Many of us underestimate the impact of what we eat on our health, energy levels, motivation and mood. Think about it…how often do you choose to eat something ‘nice’ to make you feel better? Why it is that sweets and chocolates are so comforting? We’ve all witnessed how a sweet can placate a child and likewise how chocolate can calm an adult. There is actually a science behind this…sugar and fat cause the brain to release endorphins that deliver pleasure signals all over the body. Probably the most common choice of food to improve mood is chocolate. That is because chocolate contains a group of alkaloids and specifically a substance called theobromine that can induce a feeling of pleasure. Some researchers now speculate that chocoholics may actually have a real biological basis with serotonin deficiency being one factor. However despite these apparent benefits chocolate isn’t necessarily the answer to improving our overall mood! Choosing the right foods and getting the right balance in the diet can actually benefit not only our health but our mood too.
Carbohydrate rich foods trigger the production of serotonin and tryptophan which are chemicals that the brain produces that promote a feeling of well-being. However the type of carbohydrate you consume can influence your mood. Refined carbohydrates, primarily sugar and sugary foods, tend to provide immediate, but temporary relief. Once the benefit is gone, you may go looking for more foods to bring up your mood and energy level. Complex carbohydrates, such as whole grains, cereals, breads, pastas, and fruits and vegetables, are more likely to supply a moderate, but lasting effect on brain chemistry, mood, and energy level.
We know that B-complex vitamins are essential to mental and emotional well-being. They are considered essential vitamins. This means the body cannot make them, so we depend on our daily diet to supply them. B vitamins can be destroyed by alcohol, refined sugars, nicotine and caffeine so it is no surprise that many people in Ireland may be deficient in these.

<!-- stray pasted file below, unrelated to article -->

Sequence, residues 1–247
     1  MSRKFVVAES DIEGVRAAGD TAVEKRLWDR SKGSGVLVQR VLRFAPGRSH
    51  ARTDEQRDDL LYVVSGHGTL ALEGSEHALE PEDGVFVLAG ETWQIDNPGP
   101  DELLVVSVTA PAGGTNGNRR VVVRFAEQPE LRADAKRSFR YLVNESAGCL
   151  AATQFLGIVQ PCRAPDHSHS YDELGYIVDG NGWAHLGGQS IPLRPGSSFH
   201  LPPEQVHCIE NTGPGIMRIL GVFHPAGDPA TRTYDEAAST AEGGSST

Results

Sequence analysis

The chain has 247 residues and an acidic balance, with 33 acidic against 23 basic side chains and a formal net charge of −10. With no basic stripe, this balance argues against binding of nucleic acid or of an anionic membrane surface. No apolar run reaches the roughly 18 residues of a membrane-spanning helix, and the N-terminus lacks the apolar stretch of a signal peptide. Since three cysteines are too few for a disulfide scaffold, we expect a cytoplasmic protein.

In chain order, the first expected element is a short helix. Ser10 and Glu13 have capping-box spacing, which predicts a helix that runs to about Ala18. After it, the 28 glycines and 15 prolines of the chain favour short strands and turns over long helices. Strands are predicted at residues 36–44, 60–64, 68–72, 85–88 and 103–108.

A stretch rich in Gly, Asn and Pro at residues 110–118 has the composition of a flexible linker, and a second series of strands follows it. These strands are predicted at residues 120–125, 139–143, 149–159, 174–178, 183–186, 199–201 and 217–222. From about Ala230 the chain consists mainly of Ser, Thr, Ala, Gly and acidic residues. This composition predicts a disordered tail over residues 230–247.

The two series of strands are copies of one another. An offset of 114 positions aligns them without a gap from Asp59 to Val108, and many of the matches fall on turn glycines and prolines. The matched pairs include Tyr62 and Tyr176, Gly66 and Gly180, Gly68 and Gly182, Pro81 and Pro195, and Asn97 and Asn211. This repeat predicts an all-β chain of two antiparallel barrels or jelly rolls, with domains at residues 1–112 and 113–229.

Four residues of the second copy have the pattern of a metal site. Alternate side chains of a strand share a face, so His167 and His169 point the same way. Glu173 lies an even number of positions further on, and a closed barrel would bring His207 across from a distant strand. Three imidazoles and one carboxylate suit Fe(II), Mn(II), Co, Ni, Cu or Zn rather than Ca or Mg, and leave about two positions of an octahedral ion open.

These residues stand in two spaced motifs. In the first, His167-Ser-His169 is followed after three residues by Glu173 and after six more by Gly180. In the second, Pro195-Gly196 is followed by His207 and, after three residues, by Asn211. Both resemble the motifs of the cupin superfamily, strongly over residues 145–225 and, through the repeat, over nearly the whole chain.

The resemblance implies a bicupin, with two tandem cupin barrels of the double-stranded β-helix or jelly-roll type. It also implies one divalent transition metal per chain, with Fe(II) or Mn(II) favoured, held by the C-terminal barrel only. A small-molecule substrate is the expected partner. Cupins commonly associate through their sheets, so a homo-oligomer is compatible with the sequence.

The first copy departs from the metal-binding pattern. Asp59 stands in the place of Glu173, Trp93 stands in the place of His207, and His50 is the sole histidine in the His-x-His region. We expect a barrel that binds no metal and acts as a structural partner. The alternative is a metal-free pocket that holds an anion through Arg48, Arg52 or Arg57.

Vitamin B1 (thiamine) is used by the brain to help convert sugar in to fuel and without it the brain rapidly runs out of energy. Increased irritability and depression are frequently reported in studies where diets are too low in vitamin B1. Too many refined carbohydrates, such as simple sugars can drain the body’s B1 supply. Good dietary sources of vitamin B1 include rye flour, liver and wholegrains.
Vitamin B6 (pyridoxine) aids in the processing of amino acids, which are the building blocks of all proteins and some hormones. It is needed in the manufacture of serotonin, the hormone which helps us feel good. An inadequate intake of vitamin B6 may produce subtle changes in mood. Some research indicates that people who suffer from depression have low levels of vitamin B6. Bananas, oats and eggs are good source of vitamin B6 so having a banana on your porridge in the morning is a good idea.
Another member of the B group of vitamins that is can impact our mood is vitamin B12. Low levels of vitamin B12 can cause mood swings. However deficiencies do take a long time to develop, since the body stores a three- to five-year supply in the liver. Deficiencies tend to more common in vegetarians as our main dietary sources of vitamin B12 are meat, dairy produce, eggs, seaweed and fish.
Folic acid deficiency can cause mood changes also. Folic acid deficiency is a relatively common vitamin deficiency mainly as the best source are green vegetables which are poorly consumed in Ireland. Good sources of folic acid include green vegetables, malt drinks like Ovaltine and dairy produce. Trying to include a green vegetable daily is one sure way of improving your folic acid intake.
Your mineral status is also very important, particularly selenium and iron. Poor mood is associated with a low selenium intake. Many of us are not getting enough of this nutrient in our diets. Selenium rich foods include nuts, seeds, wholegrains, liver and shellfish. Iron deficiency anaemia is associated with lethargy, problems of sustaining attention and poor mood. Ensuring a good intake of iron rich foods is important like lean red meat, dark green vegetables and pulses.
Macronutrients also play an important role in our mood. Macronutrients are carbohydrates, proteins and fats. Recent research has indicated the importance of essential fatty acids omega 3 polyunsaturated fatty acids in helping protect against depression and helping those already suffering from depression. The type of fat we eat has a big influence on our brain, our concentration and how we feel. Omega-3 fatty acids are considered a good fat and the best sources include oily fish, nuts and seeds, functional foods like omega milk and omega-3 spreads can be good options for those who don’t like fish.
Protein rich foods are also important. The old adage of hot milk before bed can actually help relax you. Dairy foods contain an amino acid called tryptophan which is involved in manufacturing serotonin.
So it seems clear that what we eat can indeed influence our mood. Eating greens daily will help boost our intake of B vitamins, a banana a day will provide vitamin B6, nuts will give us essential omega-3 fatty acids and selenium and of course a nice cup of hot coco before bed will combine the calming benefits of milk with the feel good pleasures of chocolate too!